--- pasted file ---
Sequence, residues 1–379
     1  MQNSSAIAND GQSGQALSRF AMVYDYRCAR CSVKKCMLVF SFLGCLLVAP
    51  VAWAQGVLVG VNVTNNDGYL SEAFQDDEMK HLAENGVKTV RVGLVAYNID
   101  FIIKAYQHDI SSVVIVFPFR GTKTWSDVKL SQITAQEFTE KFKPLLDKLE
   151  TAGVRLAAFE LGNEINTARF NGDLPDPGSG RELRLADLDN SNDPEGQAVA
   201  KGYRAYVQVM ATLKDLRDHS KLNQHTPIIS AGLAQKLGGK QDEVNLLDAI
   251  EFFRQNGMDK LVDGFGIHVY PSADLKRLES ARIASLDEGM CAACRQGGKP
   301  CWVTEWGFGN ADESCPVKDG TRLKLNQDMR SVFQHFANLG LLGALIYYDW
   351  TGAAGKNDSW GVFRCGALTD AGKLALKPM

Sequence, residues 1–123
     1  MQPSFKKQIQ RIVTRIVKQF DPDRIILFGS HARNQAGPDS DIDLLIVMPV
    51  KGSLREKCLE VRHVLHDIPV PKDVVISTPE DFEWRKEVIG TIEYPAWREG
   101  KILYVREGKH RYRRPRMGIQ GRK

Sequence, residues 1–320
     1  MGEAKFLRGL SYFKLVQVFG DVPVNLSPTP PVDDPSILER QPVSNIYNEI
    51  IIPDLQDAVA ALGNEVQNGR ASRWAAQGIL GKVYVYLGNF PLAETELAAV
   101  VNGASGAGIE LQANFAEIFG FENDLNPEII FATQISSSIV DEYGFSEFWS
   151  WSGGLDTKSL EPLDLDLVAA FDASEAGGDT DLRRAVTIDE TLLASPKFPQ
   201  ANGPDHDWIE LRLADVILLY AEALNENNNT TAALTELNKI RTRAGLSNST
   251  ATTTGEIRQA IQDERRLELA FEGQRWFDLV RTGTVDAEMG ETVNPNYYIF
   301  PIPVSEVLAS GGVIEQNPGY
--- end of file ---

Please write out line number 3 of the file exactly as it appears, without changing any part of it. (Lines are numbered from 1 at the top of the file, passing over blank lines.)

    51  VAWAQGVLVG VNVTNNDGYL SEAFQDDEMK HLAENGVKTV RVGLVAYNID